Archive for the ‘ Uncategorized ’ Category

What Prog Means to Me : Anathema – One Last Goodbye

DISCLAIMER: Okay, so I wrote this in April 2012, hence the anachronisms throughout. There’s no significance in me publishing it now; this isn’t some great moment of catharsis and nor do I feel like I’m putting lots of demons to rest by making this public. 

It may not be the best thing I’ve written, nor the most relevant, but it reflects (as it continues to do so) how I feel about a song that was significant at a hard time in my life. That’s all.Image

Progressive music (known affectionately as Prog) does not have a natural entry point for a lot of people. It is music built around a non-linear structure, foregoing the verse-chorus based formula of ‘standard’ music, and therefore often stands out amongst other genres for being an oddity. Yet, as the recent release of Anathema’s Weather Systems proves, this isn’t a genre that delights in obscurity, but moreover one that uses obscurity to emphasise its delights. Prog shelters and nurtures a richness in its music that is rarely found elsewhere, and for me, this depth is captured in one song.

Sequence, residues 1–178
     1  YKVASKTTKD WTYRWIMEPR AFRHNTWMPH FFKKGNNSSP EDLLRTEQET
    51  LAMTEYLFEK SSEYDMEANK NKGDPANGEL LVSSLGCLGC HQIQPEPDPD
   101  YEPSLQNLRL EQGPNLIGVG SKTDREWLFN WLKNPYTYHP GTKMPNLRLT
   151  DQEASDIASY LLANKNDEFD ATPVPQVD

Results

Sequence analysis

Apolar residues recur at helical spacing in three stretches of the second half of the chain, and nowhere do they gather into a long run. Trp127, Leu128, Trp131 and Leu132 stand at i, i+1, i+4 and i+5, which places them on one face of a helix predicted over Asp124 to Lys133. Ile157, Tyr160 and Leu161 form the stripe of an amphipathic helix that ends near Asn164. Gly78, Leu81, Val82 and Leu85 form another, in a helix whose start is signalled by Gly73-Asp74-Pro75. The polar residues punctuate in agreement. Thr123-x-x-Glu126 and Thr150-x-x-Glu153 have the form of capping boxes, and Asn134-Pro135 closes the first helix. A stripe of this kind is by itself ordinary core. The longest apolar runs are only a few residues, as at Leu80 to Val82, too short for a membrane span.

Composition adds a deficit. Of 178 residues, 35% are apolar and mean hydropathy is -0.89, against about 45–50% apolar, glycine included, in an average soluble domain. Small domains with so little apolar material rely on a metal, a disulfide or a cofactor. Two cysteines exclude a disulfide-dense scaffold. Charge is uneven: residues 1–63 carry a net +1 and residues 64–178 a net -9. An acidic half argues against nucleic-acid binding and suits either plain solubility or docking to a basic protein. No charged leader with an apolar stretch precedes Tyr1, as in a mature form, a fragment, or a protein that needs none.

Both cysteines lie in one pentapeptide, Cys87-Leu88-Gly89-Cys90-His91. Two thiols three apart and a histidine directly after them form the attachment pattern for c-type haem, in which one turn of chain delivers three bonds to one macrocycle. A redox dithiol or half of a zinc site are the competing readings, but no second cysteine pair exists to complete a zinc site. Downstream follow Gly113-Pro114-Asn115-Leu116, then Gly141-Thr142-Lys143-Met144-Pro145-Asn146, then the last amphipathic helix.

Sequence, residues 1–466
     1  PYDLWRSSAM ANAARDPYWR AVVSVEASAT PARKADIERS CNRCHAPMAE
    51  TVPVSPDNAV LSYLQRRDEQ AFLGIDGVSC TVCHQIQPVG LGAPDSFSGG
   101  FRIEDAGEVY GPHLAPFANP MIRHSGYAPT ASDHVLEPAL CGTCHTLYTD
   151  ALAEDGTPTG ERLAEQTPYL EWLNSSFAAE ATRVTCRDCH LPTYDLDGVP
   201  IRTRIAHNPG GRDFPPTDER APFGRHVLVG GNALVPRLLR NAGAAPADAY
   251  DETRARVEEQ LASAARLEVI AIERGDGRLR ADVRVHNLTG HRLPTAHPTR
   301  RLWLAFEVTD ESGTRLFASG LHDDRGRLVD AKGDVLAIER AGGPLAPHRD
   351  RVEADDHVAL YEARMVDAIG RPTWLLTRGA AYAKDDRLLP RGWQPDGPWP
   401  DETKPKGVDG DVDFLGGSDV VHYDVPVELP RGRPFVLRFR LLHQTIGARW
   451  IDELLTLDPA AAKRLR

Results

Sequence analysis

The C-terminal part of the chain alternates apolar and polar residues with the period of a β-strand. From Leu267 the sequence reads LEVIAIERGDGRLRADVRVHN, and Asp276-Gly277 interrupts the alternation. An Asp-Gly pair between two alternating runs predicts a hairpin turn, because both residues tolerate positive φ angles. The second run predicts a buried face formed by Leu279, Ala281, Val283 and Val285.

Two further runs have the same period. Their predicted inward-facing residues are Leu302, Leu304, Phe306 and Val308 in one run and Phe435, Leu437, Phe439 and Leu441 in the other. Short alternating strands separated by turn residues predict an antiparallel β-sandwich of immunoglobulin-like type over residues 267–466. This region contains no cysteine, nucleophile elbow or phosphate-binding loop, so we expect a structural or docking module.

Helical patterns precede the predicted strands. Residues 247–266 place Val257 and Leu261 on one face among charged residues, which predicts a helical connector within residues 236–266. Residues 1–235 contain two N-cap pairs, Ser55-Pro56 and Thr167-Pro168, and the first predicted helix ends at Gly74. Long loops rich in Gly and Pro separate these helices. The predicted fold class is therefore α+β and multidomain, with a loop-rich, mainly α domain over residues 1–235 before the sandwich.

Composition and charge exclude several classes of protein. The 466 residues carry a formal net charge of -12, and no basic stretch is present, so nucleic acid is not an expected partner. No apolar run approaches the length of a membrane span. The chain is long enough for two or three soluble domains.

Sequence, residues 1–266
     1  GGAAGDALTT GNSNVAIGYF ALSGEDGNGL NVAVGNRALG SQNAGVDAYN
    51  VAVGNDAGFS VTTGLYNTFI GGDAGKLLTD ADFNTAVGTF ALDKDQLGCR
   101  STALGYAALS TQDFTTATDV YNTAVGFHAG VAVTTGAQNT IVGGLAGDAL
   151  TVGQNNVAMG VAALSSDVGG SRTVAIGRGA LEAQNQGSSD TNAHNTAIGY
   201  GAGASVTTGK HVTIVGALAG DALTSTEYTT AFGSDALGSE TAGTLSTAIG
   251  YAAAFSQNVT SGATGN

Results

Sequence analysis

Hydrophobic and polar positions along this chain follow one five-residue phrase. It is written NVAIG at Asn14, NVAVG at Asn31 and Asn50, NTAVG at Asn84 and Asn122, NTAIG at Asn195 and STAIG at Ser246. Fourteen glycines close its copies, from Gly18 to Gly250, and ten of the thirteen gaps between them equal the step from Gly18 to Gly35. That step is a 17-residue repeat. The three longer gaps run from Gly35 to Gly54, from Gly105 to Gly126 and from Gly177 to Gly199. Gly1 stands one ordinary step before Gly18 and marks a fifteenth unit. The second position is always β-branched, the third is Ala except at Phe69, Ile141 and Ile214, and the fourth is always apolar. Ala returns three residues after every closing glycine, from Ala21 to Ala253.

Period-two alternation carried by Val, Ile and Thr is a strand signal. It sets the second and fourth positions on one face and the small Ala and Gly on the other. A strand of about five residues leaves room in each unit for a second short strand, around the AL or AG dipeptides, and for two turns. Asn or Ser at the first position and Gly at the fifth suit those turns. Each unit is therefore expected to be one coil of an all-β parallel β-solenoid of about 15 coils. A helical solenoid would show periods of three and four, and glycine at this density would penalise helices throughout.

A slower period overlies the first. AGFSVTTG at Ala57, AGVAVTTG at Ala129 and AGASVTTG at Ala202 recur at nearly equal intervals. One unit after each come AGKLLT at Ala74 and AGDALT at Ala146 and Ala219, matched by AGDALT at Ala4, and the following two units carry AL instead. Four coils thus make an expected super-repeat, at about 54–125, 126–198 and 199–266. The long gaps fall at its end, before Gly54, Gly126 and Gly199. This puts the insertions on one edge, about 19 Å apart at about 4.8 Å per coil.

Anathema’s Judgement, released in 1999, was their fifth studio album. It was an album that saw the band holding onto some last, desolate bastion of doom, but it marked a notable departure from the then six year old colossal, caustic heft of the like of Serenades. Pitched right in the middle of this release is ‘One Last Goodbye’, a song built on residues of grief and loss, and one that was written by the Cavanagh brothers soon after their mother’s death.